Gough Whitlam died yesterday. The whole country seems to have paused for thought, many media outlets are even saying things like “where to from here”, and the cluelessness abounds. Where to from here indeed…… Today, our politicians are elected to office based on false promises. They promise things they can’t deliver, and we continue to be perpetually shocked when they don’t deliver. We never seem to get tired of this game, we always lose.
I have spent little time posting here, mainly for fear of simply repeating myself. As I am doing now, really…. but once you ‘get it’, what else is there to say? As the price of oil fell to $80 last week, much wringing of hands and gnashing of teeth occurred on the subject of how long the unconventional oil drillers of oil would last…. while some commentators were despairing at the thought that cheaper fossil fuels would mean the end of the current push for renewables, if you can still call it that.
When I pointed out to these people that the fossil fuel companies were actually going broke, I was met with the derision I am now accustomed to. I’m getting quite immune to that now, if you don’t believe me, it’s your problem, not mine… mind you, as we approach ‘the knee’ of the energy cliff curve, it is baffling as to why the price of oil dropped so much, when it should have in fact risen, and risen substantially. The answer of course is that the global economy is on its knees. Growth is fetid at best, and in Europe, things are going from bad to worse, even prompting some people to predict that ‘the big one’ was going to occur on the 27th anniversary of the Black Monday crash. Didn’t happen, unfortunately….. but the ducks have all lined up in waiting.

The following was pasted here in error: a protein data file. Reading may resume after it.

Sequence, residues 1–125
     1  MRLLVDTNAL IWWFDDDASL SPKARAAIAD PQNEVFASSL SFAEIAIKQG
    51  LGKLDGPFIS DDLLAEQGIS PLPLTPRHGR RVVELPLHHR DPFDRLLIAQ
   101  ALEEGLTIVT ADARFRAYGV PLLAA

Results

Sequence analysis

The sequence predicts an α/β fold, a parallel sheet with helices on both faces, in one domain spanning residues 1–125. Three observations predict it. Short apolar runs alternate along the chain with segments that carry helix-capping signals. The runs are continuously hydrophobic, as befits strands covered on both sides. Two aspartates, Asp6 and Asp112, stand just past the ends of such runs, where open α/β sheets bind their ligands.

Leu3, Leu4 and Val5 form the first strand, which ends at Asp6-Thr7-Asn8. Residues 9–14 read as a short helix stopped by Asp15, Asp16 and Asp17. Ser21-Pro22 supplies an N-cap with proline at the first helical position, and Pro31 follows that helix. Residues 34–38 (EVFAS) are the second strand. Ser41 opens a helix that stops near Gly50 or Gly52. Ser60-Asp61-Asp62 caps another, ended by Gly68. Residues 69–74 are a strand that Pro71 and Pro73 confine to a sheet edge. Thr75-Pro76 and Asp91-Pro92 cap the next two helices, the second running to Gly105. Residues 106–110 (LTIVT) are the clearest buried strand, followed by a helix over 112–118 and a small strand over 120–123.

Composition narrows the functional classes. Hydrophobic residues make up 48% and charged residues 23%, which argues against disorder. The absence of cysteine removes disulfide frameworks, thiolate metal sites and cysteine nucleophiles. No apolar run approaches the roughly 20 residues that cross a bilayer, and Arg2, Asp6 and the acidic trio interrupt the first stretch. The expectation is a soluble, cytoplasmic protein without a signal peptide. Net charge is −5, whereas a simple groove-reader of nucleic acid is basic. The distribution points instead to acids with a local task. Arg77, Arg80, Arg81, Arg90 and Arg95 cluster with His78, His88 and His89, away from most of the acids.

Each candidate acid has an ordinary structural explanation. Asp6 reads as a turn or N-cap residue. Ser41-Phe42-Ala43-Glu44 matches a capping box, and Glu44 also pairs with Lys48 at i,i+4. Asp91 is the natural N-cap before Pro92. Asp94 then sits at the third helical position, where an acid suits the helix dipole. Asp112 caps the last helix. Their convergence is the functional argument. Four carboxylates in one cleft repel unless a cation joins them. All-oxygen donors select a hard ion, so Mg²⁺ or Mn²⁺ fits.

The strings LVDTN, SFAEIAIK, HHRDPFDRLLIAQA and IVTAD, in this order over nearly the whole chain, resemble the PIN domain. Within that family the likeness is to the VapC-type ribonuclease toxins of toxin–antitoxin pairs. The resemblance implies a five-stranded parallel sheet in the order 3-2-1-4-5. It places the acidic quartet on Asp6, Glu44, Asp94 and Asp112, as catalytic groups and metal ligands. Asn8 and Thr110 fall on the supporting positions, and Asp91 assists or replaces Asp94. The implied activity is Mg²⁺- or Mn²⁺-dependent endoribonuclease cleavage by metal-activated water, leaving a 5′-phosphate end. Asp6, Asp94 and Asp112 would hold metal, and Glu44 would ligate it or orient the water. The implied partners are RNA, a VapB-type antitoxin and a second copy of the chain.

Most of us here have surely heard of the seven stages of grief…. Shock, Denial, Anger, Bargaining, Guilt, Depression, Acceptance. Where are we in our journey through these stages when it come to the financial crisis, and to growth? There’s only one stage that even remotely sounds right: Denial. We’re not even close to Anger yet, not when it comes to the larger population. Me, I’d like to add another stage: REACTION….!
Apart from denial, there is of course ignorance. The concept of the energy cliff is foreign to just about anyone who doesn’t follow blogs such as this one. It occurred to me that we have been sliding down the edges of the energy cliff for a very long time. At the beginning of the oil era, when the ERoEI was 100:1, everything was easy. We just had to invent it, and we had so much surplus energy that we could fumble our way around and build outrageous cars and airplanes, steel skyscrapers, huge ships, growth was easy….. and when the ERoEI of oil dropped to 50:1, who noticed? We still had 100:1 oil to make the equipment needed to get that oil (which, let’s face it, was still amazing value…)
As the easy pickings were exploited, it was still easy to burn 25:1 and even 15:1 energy sources…. but it is at this stage that we approach ‘the knee’ of the nett energy curve, and start falling off its cliff.
Building 5:1 solar energy gizmos with 15:1 oil, let alone with more 5:1 PVs or those appallingly inefficient tar sands and shale oil suddenly becomes a struggle. This is what people who argue that we don’t need fossil fuels to make renewables do not understand. Bad ERoEI compounds when you use one low source to get another. Social complexity utterly relies on surplus energy. It was with surplus energy that Europe’s cathedrals were build during the middle ages, and the same applies to building wind and solar farms.
If you are new to these concepts, I urge you to watch the video below from Chris Martenson’s excellent crash course series, a must watch program of videos for anyone who doesn’t yet know why the world is going to hell in a handbasket…… NOTE: This video shows solar as having an ERoEI somewhere around 20:1. This is because it was made in 2009, and in the intervening 5 years, it has been established that it is fact less than 5…. maybe even less than 3! This is displayed more accurately in the more recent chart above……